I don’t always read my copy of Prospect Magazine – the writing in it is top quality but it seems firmly inside one of those bubbles my social betters inhabit – but, on New Year’s Eve, I had an hour to kill in the pub and I had just collected the January edition with my post from my previous address.
It was good to see Tom Watson’s piece Robotisation: time to face the future because we are at a time when labour-saving technologies must cause a fall in the value of labour that cannot be counteracted by economic growth. Now we must decrease consumption to cut carbon emissions. This means we have less production at a time when the labour content of production is reducing. (See Jobs, the AI revolution and climate change and Labour’s Industrial Strategy. A wrong place to start.)
Our profitable universities
I was very interested in Universities challenged: we must not overturn a successful system by Alison Wolf. I was also quite irritated by it. Especially
UK universities are a global success. They contribute billions to the economy by appealing to international students. They are the most productive research universities in the world, in terms of output for expenditure.
Everywhere, in Britain as in India, in Russia as in Venezuela, schooling is more often qualification-earning than it was in 1920, or even in 1950. And more qualification-earning is mere qualification-earning – ritualistic, tedious, suffused with anxiety and boredom, destructive of curiosity and imagination; in short, anti-educational.
I can see how Alison can claim UK Universities make a “successful system”. They have large incomes by collecting patents or other intellectual property derived from their research. They charge students loads-of-money for “education and diplomas”, which too often fits Ronald Dore’s anti-educational description.
The profitability of a system with a licensed monopoly to issue job-enhancing credentials is not my measure of educational success.
BBC informs, educates and entertains
However, it was Why Britain needs the BBC by the Director General, Tony Hall, that got me worked up enough to write this. He said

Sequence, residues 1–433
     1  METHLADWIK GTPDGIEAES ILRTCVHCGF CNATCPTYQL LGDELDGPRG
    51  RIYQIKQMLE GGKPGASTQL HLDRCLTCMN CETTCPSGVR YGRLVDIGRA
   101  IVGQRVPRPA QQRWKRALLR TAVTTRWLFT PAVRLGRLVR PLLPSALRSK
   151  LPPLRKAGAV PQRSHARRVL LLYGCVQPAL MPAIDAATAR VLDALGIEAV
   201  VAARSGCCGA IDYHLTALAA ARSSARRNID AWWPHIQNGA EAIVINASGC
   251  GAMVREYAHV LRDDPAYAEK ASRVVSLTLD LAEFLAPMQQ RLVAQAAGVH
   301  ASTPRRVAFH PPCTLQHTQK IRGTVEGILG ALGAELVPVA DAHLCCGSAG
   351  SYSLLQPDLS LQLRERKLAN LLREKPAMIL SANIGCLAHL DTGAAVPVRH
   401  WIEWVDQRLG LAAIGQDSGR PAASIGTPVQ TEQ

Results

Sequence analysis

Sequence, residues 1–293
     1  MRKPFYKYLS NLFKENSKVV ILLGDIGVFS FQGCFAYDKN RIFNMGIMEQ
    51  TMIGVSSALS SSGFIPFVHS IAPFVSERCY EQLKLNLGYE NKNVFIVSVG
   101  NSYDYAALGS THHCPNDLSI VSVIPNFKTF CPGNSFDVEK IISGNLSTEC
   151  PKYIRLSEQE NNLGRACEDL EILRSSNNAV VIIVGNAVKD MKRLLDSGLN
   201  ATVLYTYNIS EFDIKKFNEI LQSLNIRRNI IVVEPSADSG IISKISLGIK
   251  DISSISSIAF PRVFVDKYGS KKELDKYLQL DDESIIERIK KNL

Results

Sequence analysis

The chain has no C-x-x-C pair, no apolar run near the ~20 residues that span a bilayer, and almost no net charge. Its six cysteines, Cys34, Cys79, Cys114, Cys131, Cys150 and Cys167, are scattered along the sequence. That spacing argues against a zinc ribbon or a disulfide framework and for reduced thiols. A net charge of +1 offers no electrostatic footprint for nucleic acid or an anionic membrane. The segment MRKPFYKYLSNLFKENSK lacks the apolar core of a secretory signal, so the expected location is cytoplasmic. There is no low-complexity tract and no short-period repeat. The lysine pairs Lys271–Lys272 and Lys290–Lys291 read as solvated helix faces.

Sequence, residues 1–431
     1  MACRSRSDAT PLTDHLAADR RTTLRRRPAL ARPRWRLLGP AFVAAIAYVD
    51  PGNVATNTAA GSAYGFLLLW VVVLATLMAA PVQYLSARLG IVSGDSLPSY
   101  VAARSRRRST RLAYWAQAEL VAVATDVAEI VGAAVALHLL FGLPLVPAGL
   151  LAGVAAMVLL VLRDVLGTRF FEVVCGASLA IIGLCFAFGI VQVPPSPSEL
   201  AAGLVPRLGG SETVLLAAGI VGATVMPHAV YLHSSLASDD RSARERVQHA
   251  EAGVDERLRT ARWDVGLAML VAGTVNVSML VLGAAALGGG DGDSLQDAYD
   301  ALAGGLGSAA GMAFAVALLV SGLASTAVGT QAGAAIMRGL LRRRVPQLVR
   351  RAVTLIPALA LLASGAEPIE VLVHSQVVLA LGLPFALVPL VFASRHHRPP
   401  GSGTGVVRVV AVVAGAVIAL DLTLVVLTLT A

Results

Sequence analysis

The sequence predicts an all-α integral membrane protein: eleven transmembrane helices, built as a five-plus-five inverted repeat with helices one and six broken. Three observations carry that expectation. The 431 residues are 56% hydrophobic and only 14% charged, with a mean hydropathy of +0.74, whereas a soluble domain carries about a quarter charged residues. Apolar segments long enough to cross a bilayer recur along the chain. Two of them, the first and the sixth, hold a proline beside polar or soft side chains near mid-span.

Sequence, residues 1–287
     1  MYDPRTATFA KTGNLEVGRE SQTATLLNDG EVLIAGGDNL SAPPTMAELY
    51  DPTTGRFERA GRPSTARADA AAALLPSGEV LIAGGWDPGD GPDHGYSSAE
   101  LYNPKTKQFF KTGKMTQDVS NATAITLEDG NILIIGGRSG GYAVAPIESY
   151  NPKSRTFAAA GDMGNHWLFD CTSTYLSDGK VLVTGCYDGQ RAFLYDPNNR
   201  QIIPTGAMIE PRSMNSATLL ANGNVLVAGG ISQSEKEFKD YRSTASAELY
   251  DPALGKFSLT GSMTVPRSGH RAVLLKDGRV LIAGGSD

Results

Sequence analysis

This year the BBC’s audiences sent a clear signal about the kind of corporation they want. Nearly 200,000 made their voices heard in the public consultation on the renewal of our Royal Charter. The government described the response as “unprecedented,” pharmacy second only to their consultation on gay marriage. The message was simple: the BBC’s public service mission—to inform, educate and entertain—is as pertinent today as it has ever been.
Like George Monbiot, I think that the BBC is biased and does very little to inform and educate, especially on the most important issue facing the world: climate change. They also confuse the science with weather stories that may be true(ish) but hide underlying climate impacts behind El Ninos and “lake effects”. In Our ‘impartial’ broadcasters have become mouthpieces of the elite, Monbiot writes
On BBC News at Six, the Cardiff researchers found, business representatives outnumbered trade union representatives by 19 to one. “The BBC tends to reproduce a Conservative, Eurosceptic, pro-business version of the world,” the study said. This, remember, is where people turn when they don’t trust the corporate press.
While the way in which the media handle the stories that are covered is bad enough, the absence of coverage is even worse. If an issue does not divide the main political parties, it vanishes from view, though the parties now disagree on hardly anything. Another study reveals a near total collapse of environmental coverage on ITV and BBC news: it declined from 2.5% (ITV) and 1.6% (BBC) of total airtime in 2007 to, respectively, 0.2% and 0.3% in 2014. There were as many news stories on these outlets about Madeleine McCann in 2014 – seven years after her disappearance – as there were about all environmental issues put together.
And I just groan
When Tony Hall writes “in the ‘post-truth’ era, the BBC’s trusted, impartial news services have never been more needed”, I just groan.
P.S. (YouGov survey) Evidence that the BBC has failed to “inform and educate” on climate change is evident from results of a YouGov survey which concluded:
Out of 17 countries surveyed worldwide Britain is among the least concerned about climate change – but the most concerned about population growth.
P.P.S. (BBC Creative Archive Licence). Why a picture of George Monbiot and not Tony Hall? I couldn’t find a picture of Tony Hall under a Creative Commons licence. I think one might be available under a BBC inspired Creative Archive Licence but
“The Creative Archive Licence is also designed to protect the Licensor’s right not to have a work treated in a derogatory or objectionable way.
Is this posting derogatory? I hope so.
P.P.P.S. (A link to some links). I’ve made many complaints about the BBC over the past decade or so. Some of them are listed of the Media section of BKUK.com.
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